My twenty-first farm was Mountain Top Goat Gardens in Piercy, California. Joshua and Tanya have been homesteading for twenty-six years. Tanya grew up on a farm in Idaho where her mother had a large garden. Joshua is a fifth generation Californian from San Jose. Joshua’s mother was a seed saver who collected seeds when traveling to other countries. Joshua shares her passion for learning about and growing plants from other cultures. Tanya and Joshua met during high school in the Bay area. When they went back to Tanya’s home in Idaho, they would pass a tattoo parlor. Tanya wanted a tattoo but was too young. However, they got to know the tattoo artist at that parlor. Joshua studied graphic arts and taught himself tattooing. Tanya mastered black line drawing which is used in tribal tattoos. While living in San Francisco they met the leading tattoo artist of the 1980s. That connection helped them set up their own tattoo parlor in the back of a bookstore. Working in San Francisco was just a stepping stone to the lifestyle they wanted–living off-grid on a peaceful homestead.
They quickly saved enough money to buy a twenty-five acre property on a hillside just off a quiet stretch of Highway 101 in Mendocino County. Their yearly property taxes were less than a month’s rent in San Francisco. Most of their land is heavily forested. “It occurred to me I could sell firewood to pay the property taxes–our biggest expense. That gives a feeling of security,” Joshua told me. The homestead site includes a colorful two storey house, designed and built by Joshua that is surrounded by green vegetation; a guest cabin with silvery interior walls farther up the hill; a red barn; an orchard dripping with fruit: and an animal area for the Nubian dairy goats and egg laying chickens. Tanya and Joshua’s pride and joy, besides their goats, is their garden. It’s an organized tangle of edible plants from around the world.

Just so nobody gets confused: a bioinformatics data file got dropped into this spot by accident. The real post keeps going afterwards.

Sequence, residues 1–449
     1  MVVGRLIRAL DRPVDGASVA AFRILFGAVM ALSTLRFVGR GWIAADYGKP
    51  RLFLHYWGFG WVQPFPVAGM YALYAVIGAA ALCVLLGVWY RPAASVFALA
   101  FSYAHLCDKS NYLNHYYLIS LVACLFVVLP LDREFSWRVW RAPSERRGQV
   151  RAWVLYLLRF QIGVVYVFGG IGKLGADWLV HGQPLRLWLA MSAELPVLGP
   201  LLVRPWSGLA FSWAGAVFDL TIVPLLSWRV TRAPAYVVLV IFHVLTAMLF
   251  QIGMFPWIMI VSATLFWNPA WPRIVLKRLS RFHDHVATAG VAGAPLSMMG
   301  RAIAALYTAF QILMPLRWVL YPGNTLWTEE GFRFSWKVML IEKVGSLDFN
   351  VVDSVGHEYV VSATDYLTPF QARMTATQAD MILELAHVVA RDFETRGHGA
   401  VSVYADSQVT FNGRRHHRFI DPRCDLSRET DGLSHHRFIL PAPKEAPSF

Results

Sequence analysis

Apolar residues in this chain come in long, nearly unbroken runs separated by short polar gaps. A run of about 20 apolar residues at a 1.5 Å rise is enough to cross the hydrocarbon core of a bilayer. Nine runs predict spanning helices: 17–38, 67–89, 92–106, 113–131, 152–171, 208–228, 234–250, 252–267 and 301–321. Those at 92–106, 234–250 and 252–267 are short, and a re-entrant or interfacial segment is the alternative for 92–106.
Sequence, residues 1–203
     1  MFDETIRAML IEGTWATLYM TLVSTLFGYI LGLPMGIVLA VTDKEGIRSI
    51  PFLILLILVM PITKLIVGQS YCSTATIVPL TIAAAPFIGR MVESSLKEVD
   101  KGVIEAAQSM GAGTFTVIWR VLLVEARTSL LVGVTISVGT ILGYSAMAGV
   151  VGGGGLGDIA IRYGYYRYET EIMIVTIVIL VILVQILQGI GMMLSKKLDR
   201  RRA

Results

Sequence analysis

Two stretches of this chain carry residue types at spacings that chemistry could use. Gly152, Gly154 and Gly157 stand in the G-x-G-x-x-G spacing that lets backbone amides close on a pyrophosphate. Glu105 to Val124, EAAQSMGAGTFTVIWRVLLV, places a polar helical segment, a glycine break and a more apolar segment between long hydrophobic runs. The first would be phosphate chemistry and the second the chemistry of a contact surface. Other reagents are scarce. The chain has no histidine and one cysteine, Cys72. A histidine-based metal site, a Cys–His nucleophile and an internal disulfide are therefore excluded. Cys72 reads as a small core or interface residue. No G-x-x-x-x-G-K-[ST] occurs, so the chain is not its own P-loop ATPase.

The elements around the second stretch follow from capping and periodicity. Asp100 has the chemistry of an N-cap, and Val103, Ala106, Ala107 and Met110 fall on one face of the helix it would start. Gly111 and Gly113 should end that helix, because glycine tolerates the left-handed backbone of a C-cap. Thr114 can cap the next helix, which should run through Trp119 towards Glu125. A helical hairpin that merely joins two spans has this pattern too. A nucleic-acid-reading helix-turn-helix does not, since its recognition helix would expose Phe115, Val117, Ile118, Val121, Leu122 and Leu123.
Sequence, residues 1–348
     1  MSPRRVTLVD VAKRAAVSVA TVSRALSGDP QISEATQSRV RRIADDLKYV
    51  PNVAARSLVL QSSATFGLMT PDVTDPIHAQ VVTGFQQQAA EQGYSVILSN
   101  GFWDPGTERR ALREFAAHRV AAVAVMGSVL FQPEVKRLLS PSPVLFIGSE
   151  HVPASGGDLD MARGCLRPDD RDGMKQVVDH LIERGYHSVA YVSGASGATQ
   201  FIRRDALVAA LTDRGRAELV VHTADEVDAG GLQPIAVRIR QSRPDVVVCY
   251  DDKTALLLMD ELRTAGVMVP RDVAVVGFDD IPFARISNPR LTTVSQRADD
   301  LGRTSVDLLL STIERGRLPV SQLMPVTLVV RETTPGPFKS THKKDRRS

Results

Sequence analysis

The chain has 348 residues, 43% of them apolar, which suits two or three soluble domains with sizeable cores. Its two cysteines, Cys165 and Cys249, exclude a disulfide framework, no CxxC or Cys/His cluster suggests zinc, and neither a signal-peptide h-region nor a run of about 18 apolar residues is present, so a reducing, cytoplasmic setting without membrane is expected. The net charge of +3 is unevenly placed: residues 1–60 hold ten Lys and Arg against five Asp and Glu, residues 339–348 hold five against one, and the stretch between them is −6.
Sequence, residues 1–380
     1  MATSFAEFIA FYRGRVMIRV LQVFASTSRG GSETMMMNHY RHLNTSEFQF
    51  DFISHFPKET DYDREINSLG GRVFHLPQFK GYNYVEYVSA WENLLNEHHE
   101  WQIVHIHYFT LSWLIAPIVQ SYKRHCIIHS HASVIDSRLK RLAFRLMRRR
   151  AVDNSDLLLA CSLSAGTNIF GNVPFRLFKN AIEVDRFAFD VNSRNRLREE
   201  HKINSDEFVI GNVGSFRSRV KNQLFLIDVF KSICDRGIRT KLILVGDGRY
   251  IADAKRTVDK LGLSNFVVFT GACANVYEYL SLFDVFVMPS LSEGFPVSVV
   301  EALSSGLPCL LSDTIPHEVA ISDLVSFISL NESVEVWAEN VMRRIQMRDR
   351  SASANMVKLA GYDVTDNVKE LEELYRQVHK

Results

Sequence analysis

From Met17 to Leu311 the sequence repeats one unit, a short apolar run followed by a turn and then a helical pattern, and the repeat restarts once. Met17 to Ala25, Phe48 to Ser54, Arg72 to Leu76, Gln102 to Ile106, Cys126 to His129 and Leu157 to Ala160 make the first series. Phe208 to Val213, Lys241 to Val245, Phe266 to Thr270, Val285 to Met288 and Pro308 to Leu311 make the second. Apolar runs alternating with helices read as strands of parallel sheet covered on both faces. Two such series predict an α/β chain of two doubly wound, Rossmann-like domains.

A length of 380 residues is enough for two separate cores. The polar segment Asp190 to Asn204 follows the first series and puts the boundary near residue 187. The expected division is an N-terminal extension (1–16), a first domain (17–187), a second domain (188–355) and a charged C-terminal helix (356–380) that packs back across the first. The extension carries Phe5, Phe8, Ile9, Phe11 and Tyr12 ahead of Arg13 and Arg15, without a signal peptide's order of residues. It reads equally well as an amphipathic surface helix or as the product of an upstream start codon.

My Farm Experience
I had an awkward start. After WWOOFing on twenty farms I had developed some skills, yet I was still far from an expert. My first task was to pick berries: blackberries for preserves, and strawberries and raspberries for breakfast. The drought was bringing on an early and sweet-flavored crop. As I went down the strawberry rows, I made sure to only pick the fire truck red berries as I’d learned from Eric and Ryan at U. R. Organic. Next I found the tall raspberry canes and played Nancy Drew, peering here and there among the jungle of vines looking for a glistening red ruby as Patty instructed me at Hamilton Farm. I saved the prickly blackberries for last. Once I’d carefully snaked my hand between the vines and reached a blackberry, it either squashed between my fingers or wouldn’t release itself. Many were still green so I decided to leave the blackberries for another day. I took my berry harvest into the house where it got a positive but under whelmed response. After breakfast Joshua and Tanya came out with bowls to pick berries. Quickly their bowls filled with plump blackberries. Where were they finding them? Sure, Joshua could reach the highest blackberries that were over my head, but Tanya was no taller than I. She swore as she reached between the vines, and I wondered if Tanya, a fiddle player, and Joshua, a guitarist, worried about pricking their fingers. I imagine in the spirit of the show must go on, they just had to play through the pain. When I saw Joshua at the strawberry patch, I walked over. “You left a lot of ripe ones,” he commented. “Aren’t they supposed to be fire truck red,” I asked. “That’s only for commercial growers,” Joshua responded. It turned out these strawberries could be half green and be ready to eat. I picked a couple to try. It was true.
As I watered the garden, the hay delivery arrived. “It’s good to have help getting the hay in the barn!” Joshua said happily as he climbed up the stack of hay bales to the upper barn door. My stomach dropped knowing I’d have to break the news to him that moving hay bales was beyond my ability. He didn’t believe me. “Can’t you just roll them up to me?” I tried but they wouldn’t budge. “How about if you come up in the barn and slide them around?” I crawled up the bales onto the top floor of the barn. Like most barns, there was a wooden floor with a large hole in the middle that was used to toss down the hay. There were no railings and the floor was slippery from loose hay. Even with a slick floor, I couldn’t get the bales to slide. And what if I did and we both went out the hole? I also realized there would be a problem getting out of the barn once all the hay bales were inside. Tall Joshua went out the hole and down a couple of railings to reach the floor. That wouldn’t work for me. I offered the only thing I could in this situation: moral support. I stood in a safe corner of the barn while wiry Joshua rolled about thirty 120 pound bales inside and stacked them against the walls. “It’s times like this I wish I had a male WWOOFer,” I heard him mutter. I sneaked back down the stack of hay bales and went back to watering the plants.